Every life insurance policy with cash value is a terrible waste of money. Alright…..almost every policy. (I’ll explain the one exception at the end of this post).
A few weeks I wrote an article that appeared on Yahoo!Finance that discussed 4 life insurance policies you should never buy. One of those I listed was whole life. This got a lot of attention – from whole life agents who took issue with the post. (I found it interesting that not one person who owns whole life defended it or had a positive remark. Seems like the only fans are the the people who sell it.)
I’ve compared whole life vs term before. But here is a brief summary. Term is life insurance you rent. As long as you make the payments, you are covered. When you stop making payments your coverage ends. Whole life insurance premiums are many times more expensive. The selling point is that the companies take the extra money, invest it and grow cash value. At some point, the cash value is so huge (they say) the earnings from it pay for the insurance.
Using this argument, the agents try to convince the unsuspecting public to fork over their money to buy whole life when they could buy inexpensive term insurance at a fraction of the cost. The question is, who is right?
Here’s a little analysis I did that compares apples to apples. It compares dollars in to dollars out. Let’s look at the first salvo.
This chart compares two $500,000 policies for a healthy 41 year old male. The first is term and the second is whole life. As you can see, the premium for the term policy is $495 a year. The corresponding premium for a whole life is just a tad more – $6055 a year. A few shekels more.
Over ten years, the term policy cost you $4950 while you shelled out a whopping $65,500 for the whole life policy. Now it’s true that the whole life policy builds up a cash value of $56,500 over that 10 year period. In other words, if you decide to cash out after 10 years, your net out-of-pocket cost is $9,000. So with the term policy, your total cost was $4950 and with whole life, your net cost was $9,000. At the end of the day, the whole life cost you $4050 more than the term.
Now let’s compare the two policies over 20 years.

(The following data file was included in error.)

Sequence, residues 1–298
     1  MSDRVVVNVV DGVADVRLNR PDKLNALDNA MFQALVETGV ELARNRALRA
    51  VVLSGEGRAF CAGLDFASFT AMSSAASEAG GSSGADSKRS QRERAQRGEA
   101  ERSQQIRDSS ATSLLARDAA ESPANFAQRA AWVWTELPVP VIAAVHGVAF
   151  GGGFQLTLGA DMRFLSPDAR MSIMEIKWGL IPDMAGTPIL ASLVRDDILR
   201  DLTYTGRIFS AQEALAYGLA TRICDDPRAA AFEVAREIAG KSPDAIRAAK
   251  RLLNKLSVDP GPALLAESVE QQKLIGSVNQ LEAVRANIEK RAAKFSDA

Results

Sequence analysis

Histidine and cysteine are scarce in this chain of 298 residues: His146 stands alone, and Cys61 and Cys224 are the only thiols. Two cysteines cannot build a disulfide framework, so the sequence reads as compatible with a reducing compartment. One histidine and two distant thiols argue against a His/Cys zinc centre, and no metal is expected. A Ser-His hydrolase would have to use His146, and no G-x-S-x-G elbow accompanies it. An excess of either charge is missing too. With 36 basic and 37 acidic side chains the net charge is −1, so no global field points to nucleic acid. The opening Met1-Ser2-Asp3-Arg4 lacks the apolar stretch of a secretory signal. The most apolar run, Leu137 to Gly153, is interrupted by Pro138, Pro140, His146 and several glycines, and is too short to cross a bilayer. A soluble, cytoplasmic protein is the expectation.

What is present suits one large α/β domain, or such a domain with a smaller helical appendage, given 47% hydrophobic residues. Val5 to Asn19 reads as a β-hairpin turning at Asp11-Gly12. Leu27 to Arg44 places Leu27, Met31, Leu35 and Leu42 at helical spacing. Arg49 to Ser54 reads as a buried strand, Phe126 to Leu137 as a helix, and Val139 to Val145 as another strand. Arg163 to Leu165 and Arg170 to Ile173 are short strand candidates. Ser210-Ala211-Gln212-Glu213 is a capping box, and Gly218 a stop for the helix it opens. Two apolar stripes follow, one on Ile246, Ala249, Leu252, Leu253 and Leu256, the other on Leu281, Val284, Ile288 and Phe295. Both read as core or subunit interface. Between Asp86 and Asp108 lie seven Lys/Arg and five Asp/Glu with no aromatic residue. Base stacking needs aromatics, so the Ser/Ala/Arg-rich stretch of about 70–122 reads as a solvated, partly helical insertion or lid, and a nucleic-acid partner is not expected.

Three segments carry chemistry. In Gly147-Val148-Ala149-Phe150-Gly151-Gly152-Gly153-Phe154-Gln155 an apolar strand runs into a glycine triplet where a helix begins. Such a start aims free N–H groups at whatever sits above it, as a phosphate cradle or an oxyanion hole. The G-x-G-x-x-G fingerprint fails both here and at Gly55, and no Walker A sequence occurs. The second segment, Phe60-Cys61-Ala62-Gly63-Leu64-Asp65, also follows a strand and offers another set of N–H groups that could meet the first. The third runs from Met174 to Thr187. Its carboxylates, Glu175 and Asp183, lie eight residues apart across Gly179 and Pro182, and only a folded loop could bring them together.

With term, you paid out a total of $9900. With whole life, you paid out $131,000 but if you cancel the policy you’ll get a nice $144,500 back after 20 years. That means you will get $13,500 more than you paid in. That’s nice. And if you compare it to the term policy (which is the whole point of this) you have $23,400 more in your pocket by owning whole life. Does that mean whole life is a better choice?
With the whole life, you shelled out $121,000 more than you did for the term policy. And you got back $23,400 more than the term. Is that a good return? Well you tell me.
The internal rate of return is about 2% on that whole life policy. So if you are willing to invest your money for 20 years and have a 2% return, then the whole life does work. 2% might seem decent right now, but how will it look 20 years from now? Probably very very bad.
Life insurance companies like to show you illustrations based on a 5% return but what you should focus on is the guaranteed values and do a comparison similar to what I’ve done above. Forget about projections – demand to see guaranteed values.
Each situation is different of course. If someone is trying to sell you whole life, ask them to prepare a comparison of the costs and guaranteed surrender values. I believe you will come to the same conclusion that I have. The only time whole makes sense is for estate planning purposes. It does not perform well for family protection.
Do you feel differently? If so…why?